He couldn't recall if it was a story that his own parents had told him when he was a boy, or if it was one that he had picked up by perusing other cultural databases. No matter, it was still a good one. He resumed his seat in the chair, and leant back. "Pay attention," he said.
"Once upon a time, there was a great kingdom."
"Very great. But with any great kingdom, some things can be difficult to manage for the ruler, you see the king of this land had reigned for many years and he was not getting any younger. Fortunately he had three strong sons, and one daughter. So he summoned his vizier, his advisor, and planned to divvy up his holdings, his riches, and his kingdom among all of his children."
"What happened next?"
"Be patient and I'll tell you." Dylan paused, thinking it through. "You see, the three sons were jealous of one other, and each one thought that he should be the next in line for the throne. Unfortunately, there was another problem."
"What kind of problem?" his son asked, anxious to keeping the tale moving forward.
"The daughter was the youngest, but she had fallen ill, in order to find the medicine that she needed, the advisor told of a place where a magical elixir could be found."
"So he set the three sons on a quest!"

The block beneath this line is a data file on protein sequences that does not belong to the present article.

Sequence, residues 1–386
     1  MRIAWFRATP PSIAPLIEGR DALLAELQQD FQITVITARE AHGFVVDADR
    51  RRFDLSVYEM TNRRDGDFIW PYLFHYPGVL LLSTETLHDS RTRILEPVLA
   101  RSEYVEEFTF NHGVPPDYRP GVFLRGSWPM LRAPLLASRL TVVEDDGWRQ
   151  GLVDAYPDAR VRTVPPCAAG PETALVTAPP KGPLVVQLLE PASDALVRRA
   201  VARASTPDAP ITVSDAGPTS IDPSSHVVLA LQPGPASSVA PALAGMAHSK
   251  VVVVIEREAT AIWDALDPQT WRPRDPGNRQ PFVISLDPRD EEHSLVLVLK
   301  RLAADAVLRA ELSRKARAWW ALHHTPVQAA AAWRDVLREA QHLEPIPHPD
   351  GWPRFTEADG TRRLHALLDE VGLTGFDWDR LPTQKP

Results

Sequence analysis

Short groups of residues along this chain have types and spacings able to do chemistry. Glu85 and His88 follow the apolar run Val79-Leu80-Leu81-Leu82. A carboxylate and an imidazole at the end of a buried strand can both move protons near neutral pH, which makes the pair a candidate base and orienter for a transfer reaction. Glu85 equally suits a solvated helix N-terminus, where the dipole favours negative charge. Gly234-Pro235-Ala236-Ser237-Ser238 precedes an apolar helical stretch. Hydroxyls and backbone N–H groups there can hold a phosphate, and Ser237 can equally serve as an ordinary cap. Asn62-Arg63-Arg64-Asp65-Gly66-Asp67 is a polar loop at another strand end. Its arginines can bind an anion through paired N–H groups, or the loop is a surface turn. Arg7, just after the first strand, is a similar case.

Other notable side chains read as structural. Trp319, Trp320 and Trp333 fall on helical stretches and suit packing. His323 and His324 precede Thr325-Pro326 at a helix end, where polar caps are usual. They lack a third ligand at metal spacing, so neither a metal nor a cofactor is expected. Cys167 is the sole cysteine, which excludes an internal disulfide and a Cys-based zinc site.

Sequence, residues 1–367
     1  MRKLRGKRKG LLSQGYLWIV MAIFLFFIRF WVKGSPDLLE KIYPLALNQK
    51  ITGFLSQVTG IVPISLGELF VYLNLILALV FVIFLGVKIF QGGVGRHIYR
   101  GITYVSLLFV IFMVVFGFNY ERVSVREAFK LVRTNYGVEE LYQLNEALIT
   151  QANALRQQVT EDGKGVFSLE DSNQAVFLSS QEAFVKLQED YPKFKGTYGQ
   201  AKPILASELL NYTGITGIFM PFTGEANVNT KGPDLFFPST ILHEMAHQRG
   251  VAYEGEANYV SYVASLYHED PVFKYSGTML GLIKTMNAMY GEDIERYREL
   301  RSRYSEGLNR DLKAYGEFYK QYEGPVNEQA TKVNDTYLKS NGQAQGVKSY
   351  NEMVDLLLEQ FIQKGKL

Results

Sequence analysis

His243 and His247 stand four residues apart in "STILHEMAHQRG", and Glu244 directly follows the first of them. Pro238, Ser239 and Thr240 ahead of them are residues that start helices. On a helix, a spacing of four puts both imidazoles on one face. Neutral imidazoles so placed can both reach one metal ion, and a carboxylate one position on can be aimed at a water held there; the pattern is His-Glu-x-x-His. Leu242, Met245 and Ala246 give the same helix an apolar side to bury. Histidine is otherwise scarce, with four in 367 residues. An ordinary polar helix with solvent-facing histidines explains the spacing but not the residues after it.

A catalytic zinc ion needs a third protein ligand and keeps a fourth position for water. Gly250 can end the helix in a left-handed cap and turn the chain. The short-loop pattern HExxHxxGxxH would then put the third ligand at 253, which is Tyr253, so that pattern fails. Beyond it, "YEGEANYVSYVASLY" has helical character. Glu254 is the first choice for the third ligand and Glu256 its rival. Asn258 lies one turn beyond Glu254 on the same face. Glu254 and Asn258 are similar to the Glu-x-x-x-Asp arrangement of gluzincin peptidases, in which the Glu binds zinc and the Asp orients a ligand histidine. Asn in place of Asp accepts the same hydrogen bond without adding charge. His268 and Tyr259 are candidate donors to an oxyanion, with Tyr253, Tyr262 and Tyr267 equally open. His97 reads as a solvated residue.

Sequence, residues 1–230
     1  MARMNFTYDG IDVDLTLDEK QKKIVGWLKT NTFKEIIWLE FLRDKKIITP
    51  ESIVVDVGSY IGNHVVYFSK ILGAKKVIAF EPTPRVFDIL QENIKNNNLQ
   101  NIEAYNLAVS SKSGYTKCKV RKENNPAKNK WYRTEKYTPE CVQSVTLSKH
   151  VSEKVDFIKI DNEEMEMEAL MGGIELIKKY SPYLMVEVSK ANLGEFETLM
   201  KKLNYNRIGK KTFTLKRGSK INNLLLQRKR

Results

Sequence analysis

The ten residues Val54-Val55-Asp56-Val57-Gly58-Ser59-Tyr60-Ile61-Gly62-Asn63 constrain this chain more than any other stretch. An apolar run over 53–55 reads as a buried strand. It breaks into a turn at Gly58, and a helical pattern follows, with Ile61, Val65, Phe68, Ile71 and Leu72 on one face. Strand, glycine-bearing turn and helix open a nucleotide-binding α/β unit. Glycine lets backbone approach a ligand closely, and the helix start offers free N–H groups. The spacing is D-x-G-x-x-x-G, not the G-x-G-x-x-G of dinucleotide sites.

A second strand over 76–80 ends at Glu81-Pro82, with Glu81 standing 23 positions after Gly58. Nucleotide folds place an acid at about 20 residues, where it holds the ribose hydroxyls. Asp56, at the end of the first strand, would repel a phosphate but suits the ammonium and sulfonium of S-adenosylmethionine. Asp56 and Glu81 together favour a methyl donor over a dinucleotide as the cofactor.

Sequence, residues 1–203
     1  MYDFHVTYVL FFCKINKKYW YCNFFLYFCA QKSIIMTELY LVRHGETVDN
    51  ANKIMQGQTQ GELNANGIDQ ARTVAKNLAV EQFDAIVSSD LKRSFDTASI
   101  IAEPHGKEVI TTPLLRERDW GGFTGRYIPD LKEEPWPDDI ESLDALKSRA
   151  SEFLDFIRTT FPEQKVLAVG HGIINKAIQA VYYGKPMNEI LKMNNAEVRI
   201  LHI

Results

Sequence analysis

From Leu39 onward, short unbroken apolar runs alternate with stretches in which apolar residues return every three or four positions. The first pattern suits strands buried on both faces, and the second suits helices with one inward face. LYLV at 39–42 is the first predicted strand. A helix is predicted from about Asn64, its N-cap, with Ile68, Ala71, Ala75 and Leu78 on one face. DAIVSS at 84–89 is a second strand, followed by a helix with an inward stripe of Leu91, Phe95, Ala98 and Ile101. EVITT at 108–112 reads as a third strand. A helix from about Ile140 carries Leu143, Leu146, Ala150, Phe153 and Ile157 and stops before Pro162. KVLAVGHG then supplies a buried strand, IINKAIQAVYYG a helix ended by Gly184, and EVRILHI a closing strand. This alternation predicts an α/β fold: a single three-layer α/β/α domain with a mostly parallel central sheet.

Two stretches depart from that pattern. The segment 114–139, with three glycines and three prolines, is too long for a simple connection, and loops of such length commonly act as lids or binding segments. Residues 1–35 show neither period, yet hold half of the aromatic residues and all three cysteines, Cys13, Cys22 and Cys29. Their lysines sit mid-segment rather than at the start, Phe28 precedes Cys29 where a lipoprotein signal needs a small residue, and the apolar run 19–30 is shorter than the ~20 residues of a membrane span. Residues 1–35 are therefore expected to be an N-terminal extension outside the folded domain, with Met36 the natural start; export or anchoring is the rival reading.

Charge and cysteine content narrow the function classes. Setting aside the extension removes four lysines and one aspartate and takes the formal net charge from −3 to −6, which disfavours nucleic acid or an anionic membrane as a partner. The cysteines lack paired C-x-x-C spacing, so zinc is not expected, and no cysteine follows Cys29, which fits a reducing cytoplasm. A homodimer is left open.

"Got it in one." The sons set out together, riding on the finest horses the royal stable could provide. Each one came to the crossroads and by mutual agreement would set out in a different direction, the oldest went east, the middle one set out for the west, and the youngest went north. At a prearranged time they would meet back at the crossroads of the city whether or not they were successful on their quest."
"The first son rode through the foothills, pausing to rest and his horse at watering holes, and streams. He took it easy, thinking that he had all the time in the world.
"He wasn't trying very hard to find the medicine for his sister."
"No he wasn't."
"Then his fine clothing, jewels, were taken by a roving group of bandits, forcing him to walk back to the castle on foot."
"Too bad for him!"
"The second brother traveled west, following the line of the horizon, with his shadow stretching out very long behind him. He too, sometimes looked back because he was missed the company of his siblings, and felt sad because he wanted to see the smile and the light in his sister's eyes return when she got well. He turned around again, and continued on his way, when he came upon a village.